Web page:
Christmas, much like many other holidays, has been hijacked by the retail industry as a vehicle for sales. So excessive is the spending that in the six week period between mid November and Christmas day 2017, £78 billion was spent across all retail sectors, that’s over £1,100 per person living in the the UK!
Now of course this includes all retail across the board, so not all can be yuletide gifts, but even so a G per person in the land is an eye watering amount of money to be going out on potential pressies when so many people in the world haven’t a penny to their name.
But what of the origins of Christmas? How did this modern malarkey come about? And is Father Christmas only in red because of Coca Cola?
There are many stories of how Christmas in its contemporary form came to fruition, some more tenuous than others, some more believable, and some so far fetched you’d be forgiven for scoffing. And no, Father Christmas has been in red, and an array of other colours for that matter, long before Coca Cola was rotting teeth around the world.
One of the most popular stories is that of a Bishop called Nicholas who lived in the 4th century in Myra, Asia Minor (now Turkey). He was rich man having inherited a fortune from his parents at a young age, and had a reputation for kindness and generosity, giving secret gifts to those in desperate need.
Legend has it that there once was a poor man with three daughters, who couldn’t even afford the dowry of one of his girls to get married. One night Nicholas dropped a bag of gold down their chimney, so that the eldest of his three daughters could be betrothed, and it fell into a stocking hanging by the fire. The same thing then happened when it came to his second daughter’s marriage, and before the third was due to get hitched, the man was determined to find out who it was being so generous.
He stayed up late, and sure enough the bag of gold fell down the chimney, and the man grabbed Nicholas. He begged him not to tell anyone of his generosity to maintain his anonymity, but word got out and from then on whenever someone received and anonymous gift it was thought to be from Nicholas.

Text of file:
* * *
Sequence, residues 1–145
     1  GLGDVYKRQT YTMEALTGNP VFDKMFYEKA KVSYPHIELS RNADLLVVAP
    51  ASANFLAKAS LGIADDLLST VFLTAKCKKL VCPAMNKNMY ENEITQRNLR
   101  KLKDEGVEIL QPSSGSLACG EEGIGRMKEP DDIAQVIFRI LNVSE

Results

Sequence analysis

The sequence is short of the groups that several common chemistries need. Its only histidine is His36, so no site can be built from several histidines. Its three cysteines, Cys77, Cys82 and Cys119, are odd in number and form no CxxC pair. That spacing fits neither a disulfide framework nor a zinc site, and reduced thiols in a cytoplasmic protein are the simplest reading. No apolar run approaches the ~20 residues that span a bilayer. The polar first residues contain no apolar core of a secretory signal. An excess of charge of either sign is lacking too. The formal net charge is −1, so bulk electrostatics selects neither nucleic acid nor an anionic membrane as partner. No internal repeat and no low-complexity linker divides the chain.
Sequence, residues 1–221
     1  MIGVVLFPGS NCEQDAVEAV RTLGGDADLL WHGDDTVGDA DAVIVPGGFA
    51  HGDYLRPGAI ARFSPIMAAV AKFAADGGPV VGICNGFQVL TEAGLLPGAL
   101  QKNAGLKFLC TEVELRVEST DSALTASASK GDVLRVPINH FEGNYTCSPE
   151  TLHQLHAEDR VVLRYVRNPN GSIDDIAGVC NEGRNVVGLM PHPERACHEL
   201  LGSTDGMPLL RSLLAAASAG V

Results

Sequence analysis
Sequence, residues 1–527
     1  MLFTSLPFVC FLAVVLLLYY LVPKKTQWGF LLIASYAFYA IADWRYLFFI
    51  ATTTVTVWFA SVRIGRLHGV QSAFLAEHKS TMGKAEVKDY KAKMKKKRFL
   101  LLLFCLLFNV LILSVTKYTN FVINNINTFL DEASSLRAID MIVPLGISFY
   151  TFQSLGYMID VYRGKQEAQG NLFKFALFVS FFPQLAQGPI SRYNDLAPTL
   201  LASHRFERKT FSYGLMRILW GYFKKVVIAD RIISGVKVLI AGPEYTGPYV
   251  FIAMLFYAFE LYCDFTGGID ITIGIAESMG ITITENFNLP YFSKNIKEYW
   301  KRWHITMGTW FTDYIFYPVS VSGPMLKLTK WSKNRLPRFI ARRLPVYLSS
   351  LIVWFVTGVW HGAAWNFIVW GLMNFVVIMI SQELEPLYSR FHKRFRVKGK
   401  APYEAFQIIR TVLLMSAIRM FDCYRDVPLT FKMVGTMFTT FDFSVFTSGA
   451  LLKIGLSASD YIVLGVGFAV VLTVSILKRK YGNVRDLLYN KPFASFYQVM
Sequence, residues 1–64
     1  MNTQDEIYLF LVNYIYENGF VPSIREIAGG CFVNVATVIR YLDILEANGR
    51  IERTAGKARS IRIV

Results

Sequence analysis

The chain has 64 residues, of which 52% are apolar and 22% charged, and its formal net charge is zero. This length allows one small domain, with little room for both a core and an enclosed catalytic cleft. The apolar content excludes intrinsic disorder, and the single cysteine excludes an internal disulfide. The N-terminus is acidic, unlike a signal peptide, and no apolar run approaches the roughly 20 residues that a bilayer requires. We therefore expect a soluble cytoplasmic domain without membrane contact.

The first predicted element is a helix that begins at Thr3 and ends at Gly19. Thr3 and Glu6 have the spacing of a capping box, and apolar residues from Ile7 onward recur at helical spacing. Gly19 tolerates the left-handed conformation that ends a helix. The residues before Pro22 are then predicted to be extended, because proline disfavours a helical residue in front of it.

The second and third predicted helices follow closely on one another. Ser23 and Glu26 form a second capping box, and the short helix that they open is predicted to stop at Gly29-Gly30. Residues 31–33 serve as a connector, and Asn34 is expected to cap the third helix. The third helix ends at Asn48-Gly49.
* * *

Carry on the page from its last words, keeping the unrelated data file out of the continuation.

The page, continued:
He was made the Saint of Children, and also of Sailors, because he helped them too, and in 1087 his bones were stolen by some Italian sea dogs and now rest in the Cathedral in the Italian port town of Bari. Each year on St Nicholas day the boat men of Bari still carry his statue from the out to sea, so he can bless the waters for the year ahead. Who knew!
It wasn’t for several centuries that St Nicholas began flying round the world with his reindeer, choosing, like all successful global franchises, to operate within his means whilst also aggressively expanding. By the time he got to Northern Europe he desperately needed to expand his logistics operation to avoid over promising and under delivering (literally), and heard about a tribe in North Norway and Finland, or as it’s otherwise know, Lapland.
The Saami tribe were onto something when they started feeding their reindeer fly agaric mushrooms which grew underneath the base of fir trees (the reason we put presents under the tree FYI), which made them jump up and down giving the impression of flying. The herders would then drink their urine, as the reindeer’s metabolism would make the toxins of the mushroom digestible without losing any of the psychoactive potency, and the men would then hallucinate the powers of flight whilst deep in the trip.
St Nicholas, much like our friends at The Psychedelic Society, clearly saw the possibilities of utilising psychoactive substances to expand consciousness / his present delivery network, and Macro dosed eight reindeer (all of whom were women as males shed their antlers in winter), and off he went round the world.
So there you have it, the (in)complete and entirely accurate account of how Father Christmas came into being…
We wish you a trippy Christmas!
Charles and The Noisily Team xxx